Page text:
Review: The Last Werewolf by Glen Duncan

From Goodreads: Then she opened her mouth to scream—and recognised me. It was what I’d been waiting for. She froze. She looked into my eyes. She said, “It’s you.”

Meet Jake. A bit on the elderly side (he turns 201 in March), but you’d never suspect it. Nonstop sex and exercise will do that for you—and a diet with lots of animal protein. Jake is a werewolf, and after the unfortunate and violent death of his one contemporary, he is now the last of his species. Although he is physically healthy, Jake is deeply distraught and lonely.

Jake’s depression has carried him to the point where he is actually contemplating suicide—even if it means terminating a legend thousands of years old. It would seem to be easy enough for him to end everything. But for very different reasons there are two dangerous groups pursuing him who will stop at nothing to keep him alive.

Here is a powerful, definitive new version of the werewolf legend—mesmerising and incredibly sexy. In Jake, Glen Duncan has given us a werewolf for the twenty-first century—a man whose deeds can only be described as monstrous but who is in some magical way deeply human.

One of the most original, audacious, and terrifying novels in years.

The Last Werewolf isn’t a pretty tale, it isn’t a fairy tale, but it is better to scare you with, my dear. Vicious and haunting, Duncan paints the most violent scene in brilliant primal colors with his lyrical prose. If you had told me a year ago that Knopf (who published the recipient of the Orange Prize this year) would be publishing a literary werewolf novel I would have laughed out loud. Probably while pointing and laughing at you.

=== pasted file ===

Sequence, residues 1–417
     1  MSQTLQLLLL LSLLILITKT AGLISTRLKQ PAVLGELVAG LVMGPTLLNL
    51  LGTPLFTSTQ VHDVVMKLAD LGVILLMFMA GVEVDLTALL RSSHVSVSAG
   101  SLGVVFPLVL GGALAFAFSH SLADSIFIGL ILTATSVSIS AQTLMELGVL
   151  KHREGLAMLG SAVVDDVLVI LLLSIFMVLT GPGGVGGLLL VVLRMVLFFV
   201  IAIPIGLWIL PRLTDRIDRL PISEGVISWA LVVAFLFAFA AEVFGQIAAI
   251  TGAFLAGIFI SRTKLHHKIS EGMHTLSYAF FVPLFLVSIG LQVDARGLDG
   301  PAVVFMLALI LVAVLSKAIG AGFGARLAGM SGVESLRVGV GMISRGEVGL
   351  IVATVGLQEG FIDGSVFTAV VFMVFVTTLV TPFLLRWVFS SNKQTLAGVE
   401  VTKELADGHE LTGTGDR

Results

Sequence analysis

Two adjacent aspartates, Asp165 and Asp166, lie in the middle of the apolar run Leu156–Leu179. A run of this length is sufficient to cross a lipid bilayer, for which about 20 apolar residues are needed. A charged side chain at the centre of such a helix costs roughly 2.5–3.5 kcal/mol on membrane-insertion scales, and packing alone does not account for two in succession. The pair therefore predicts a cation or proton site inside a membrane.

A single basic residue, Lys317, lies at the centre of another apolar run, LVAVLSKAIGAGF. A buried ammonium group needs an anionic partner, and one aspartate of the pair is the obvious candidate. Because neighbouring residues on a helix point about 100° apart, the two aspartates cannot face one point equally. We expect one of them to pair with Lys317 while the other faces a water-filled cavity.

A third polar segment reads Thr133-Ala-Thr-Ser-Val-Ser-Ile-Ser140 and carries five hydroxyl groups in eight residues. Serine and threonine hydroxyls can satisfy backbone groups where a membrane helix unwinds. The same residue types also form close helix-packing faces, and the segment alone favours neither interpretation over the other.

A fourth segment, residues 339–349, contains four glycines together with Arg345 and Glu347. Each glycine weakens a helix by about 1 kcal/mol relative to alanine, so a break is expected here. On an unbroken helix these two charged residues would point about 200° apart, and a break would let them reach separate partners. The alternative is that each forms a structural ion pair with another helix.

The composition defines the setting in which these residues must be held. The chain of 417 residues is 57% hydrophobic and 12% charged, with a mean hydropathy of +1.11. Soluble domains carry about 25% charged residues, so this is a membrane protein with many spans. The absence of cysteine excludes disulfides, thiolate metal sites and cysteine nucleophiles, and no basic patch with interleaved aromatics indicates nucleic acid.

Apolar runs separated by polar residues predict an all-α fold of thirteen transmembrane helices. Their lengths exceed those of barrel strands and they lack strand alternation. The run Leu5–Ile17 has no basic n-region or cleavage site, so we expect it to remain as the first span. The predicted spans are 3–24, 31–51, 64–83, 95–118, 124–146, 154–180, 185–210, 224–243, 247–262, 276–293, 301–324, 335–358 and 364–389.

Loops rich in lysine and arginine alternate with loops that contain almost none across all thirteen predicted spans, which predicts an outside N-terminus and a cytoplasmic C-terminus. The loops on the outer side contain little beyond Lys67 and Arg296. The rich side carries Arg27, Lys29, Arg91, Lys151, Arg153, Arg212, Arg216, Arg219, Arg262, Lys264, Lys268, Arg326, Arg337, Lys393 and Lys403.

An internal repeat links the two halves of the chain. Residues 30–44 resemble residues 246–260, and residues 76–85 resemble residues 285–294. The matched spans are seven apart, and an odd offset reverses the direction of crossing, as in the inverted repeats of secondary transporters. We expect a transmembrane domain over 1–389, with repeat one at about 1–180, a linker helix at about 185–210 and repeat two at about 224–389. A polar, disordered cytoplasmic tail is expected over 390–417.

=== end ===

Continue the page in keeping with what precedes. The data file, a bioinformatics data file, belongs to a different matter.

Jake is strong, very alpha male and incredibly gruff. Sick of life and running he decides to let the local van Helsing types kill him and end his suffering. He is however the last of his kind and circumstances give him a reason to fight.

The plot is slow and sensuous, grotesque and shocking. The Last Werewolf is not for the faint of heart but I have faith that those who are brave enough to open the pages and peer inside this monstrous tale will come out at the other side amazed at the brilliant turn of phrase and rumination Duncan showcases in this novel.

Vibrant and epic, gore and blood, this book has it in spades. What it also has is nuances of humanity, the feelings and ideas we all think and feel as we grow towards and through middle age. Jake is a beacon of deep thought and voilent tendencies although he isn’t the most likable character it hardly matters, after all how does one like a character that ate his newly pregnant wife?

I promise you that if this is the only werewolf novel you ever read, it will in fact be the most sophisticated. Lycanthropy has never been so philosophical.

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